Callisto has an established history of projects involving spread spectrum techniques and CDMA. The following provides a summary of Callisto’s experience in this area of technology.
Feasibility study into combining CDMA data communications over an FDMA service. The FDMA service is an existing communication channel on the European METEOSAT satellite. The channel allows earth based unmanned Data Collection Platforms which collect environmental data to transmit the data via a transponder on the geostationary satellite to the central processing facility. The study involved simulation of the communications channel with FDMA and CDMA transmissions using MatLab Simulink™. A particularity of the METEOSAT series satellites is that they are spin-stabilised, and the communications antennas are electrically de-spun, which give rise to amplitude and phase ripple on the communications links. The simulation model included elements to simulate the satellite antenna effects.
GALILEO TTC Modem.The Galileo System is considered a strategic asset for Europe and the space-to-ground interfaces need to be protected against intentional and unintentional interference. For that reason the Galileo Programme decided on the need to develop on-board and ground equipment for the TTC services, which would use spread spectrum techniques to assure communication security. In addition to the normal TTC services (telemetry, telecommand, two-way ranging), there was an additional requirement for Integrity up-links and two-way time transfer, which had to use spread spectrum communications also. ESA launched a pre-development of the Galileo secure TT&C communication system in 2000. Under a consultancy contract to ESA, Callisto supported the definition and specification of the Ground Modem equipment for the Galileo Secure TTC system. The Callisto consultant played a lead role in the preparation of the equipment specifications, which were released under an ITT to European Industry in 2002.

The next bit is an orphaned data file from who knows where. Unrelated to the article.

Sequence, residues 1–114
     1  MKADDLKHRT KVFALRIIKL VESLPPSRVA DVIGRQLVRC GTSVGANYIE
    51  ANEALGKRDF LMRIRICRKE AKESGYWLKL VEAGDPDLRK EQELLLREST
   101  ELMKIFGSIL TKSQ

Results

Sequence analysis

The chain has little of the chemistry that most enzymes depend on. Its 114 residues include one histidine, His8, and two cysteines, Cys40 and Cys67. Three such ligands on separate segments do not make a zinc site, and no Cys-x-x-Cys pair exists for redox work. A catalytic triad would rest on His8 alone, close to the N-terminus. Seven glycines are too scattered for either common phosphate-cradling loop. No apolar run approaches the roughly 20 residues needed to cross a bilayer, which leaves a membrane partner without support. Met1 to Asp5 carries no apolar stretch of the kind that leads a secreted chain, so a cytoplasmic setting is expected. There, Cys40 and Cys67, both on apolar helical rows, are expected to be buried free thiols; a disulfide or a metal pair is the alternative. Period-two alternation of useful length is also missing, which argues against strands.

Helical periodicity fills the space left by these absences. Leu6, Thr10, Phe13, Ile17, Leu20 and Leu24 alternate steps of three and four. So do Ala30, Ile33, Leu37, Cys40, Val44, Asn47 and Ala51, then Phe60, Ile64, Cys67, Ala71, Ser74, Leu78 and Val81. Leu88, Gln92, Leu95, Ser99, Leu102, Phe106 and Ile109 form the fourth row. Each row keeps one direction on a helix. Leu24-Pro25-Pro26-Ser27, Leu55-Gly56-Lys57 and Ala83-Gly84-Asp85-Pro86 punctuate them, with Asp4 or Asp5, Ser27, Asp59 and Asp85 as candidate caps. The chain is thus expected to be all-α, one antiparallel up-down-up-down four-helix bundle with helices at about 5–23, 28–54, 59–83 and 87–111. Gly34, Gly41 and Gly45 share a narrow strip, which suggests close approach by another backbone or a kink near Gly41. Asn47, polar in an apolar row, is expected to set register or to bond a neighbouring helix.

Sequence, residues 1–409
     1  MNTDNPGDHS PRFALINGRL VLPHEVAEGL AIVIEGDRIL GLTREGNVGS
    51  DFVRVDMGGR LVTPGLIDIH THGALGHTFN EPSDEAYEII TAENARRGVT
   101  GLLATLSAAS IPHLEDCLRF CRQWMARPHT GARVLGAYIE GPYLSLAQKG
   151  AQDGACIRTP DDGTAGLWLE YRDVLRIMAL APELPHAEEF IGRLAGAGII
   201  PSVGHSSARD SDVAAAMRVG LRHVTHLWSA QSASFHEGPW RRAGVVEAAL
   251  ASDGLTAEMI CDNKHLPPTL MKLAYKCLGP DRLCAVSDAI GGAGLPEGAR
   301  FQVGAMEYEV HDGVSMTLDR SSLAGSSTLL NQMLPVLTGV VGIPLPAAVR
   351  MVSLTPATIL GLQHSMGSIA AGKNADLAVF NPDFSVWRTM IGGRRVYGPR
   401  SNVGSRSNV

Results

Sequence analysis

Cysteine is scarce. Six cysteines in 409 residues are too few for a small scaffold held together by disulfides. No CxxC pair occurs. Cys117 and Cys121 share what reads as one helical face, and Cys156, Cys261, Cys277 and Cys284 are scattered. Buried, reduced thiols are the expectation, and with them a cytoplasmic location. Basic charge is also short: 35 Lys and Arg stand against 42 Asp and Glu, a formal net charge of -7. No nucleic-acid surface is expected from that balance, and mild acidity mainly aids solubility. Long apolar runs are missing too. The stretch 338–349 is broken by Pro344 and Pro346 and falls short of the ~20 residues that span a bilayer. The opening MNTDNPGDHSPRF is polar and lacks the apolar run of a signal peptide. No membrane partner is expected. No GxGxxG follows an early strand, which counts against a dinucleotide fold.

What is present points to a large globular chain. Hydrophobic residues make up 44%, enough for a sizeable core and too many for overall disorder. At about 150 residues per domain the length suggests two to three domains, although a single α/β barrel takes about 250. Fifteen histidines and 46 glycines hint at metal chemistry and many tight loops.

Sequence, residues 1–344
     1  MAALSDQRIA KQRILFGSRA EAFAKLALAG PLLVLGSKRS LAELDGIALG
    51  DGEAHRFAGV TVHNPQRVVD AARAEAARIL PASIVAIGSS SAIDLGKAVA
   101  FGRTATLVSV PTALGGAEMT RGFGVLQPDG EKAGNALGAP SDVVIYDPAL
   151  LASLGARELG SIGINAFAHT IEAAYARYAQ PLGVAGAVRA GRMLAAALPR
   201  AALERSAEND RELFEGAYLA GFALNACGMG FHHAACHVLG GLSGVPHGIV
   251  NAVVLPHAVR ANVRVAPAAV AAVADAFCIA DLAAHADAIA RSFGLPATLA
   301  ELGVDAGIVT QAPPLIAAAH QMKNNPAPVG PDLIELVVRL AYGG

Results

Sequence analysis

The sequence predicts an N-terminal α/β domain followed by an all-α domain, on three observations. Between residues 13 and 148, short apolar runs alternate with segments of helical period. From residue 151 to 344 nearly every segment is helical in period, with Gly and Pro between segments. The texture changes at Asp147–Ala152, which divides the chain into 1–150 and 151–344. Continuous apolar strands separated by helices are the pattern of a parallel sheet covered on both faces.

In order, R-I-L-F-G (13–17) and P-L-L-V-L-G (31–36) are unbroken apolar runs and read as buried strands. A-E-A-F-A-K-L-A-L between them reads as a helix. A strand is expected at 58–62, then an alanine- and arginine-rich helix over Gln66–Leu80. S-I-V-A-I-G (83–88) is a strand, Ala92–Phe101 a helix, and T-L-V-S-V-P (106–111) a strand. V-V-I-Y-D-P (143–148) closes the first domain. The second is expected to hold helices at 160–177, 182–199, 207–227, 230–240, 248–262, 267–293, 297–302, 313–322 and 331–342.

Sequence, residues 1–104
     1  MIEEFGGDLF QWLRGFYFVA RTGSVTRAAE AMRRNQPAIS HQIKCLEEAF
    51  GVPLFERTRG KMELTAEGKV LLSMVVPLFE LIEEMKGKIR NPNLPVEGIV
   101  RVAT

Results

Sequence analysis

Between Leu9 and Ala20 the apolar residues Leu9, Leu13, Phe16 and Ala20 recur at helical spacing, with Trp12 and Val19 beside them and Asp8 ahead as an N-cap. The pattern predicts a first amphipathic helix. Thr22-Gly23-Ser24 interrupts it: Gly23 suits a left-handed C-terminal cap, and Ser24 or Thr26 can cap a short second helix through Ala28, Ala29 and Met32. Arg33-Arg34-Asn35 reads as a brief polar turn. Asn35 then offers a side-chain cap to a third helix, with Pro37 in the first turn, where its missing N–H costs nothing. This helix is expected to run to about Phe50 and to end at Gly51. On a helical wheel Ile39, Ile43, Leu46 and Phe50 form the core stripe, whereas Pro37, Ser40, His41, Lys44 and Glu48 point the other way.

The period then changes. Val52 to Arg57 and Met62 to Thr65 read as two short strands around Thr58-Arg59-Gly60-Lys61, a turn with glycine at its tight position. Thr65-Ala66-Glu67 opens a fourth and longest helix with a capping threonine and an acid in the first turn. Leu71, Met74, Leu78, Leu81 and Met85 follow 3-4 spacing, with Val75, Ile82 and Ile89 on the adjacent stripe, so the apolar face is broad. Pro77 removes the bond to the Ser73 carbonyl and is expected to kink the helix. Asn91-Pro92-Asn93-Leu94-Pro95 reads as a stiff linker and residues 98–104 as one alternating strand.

Noise Temperature Measuring System. During this period Callisto undertook a study for ESA into a method for continuously measuring the ground station receive noise temperature by means of a test loop. The test loop used a spread spectrum signal to ensure low interference between the test signal and operational signals. The study included full theoretical analysis of spread spectrum communications as applied to the method of the measurement signal. This was followed by the specification, design and implementation of a prototype system. The prototype design has been presented in papers at AP2000 – Millennium Conference on Antennas & Propagation, AMTA 2001 and at the 2nd ESA Workshop on Tracking and Telemetry (TTC 2001). In 2000 Callisto received an order from ESA for a pre-production Noise Temperature Measurements System for deployment in the ESA Perth TTC station.
Technical study into the possible use of CDMA techniques for the METEOSAT Data Collection Platform system. Data Collection Platforms are Earth based, unmanned platforms which collect environmental data and periodically transmit the data via a transponder on the Meteosat satellite to the central processing facility. The DCP transmission scheme uses FDMA as means to allow multiple Users to access the transponder. Callisto proposed, for study, a direct sequence spread spectrum code division multiplexing scheme (CDMA), with improved traffic capacity and improved interference immunity over the current method. A significant problem with the DCP service, which operates in uplink at 402 MHz, is the large level of interference from terrestrial communications services. Spread spectrum communications have a built-in advantage in interference environments. The study results were presented at the EUMETSAT Data Collection System User's Conference in Athens in 1993.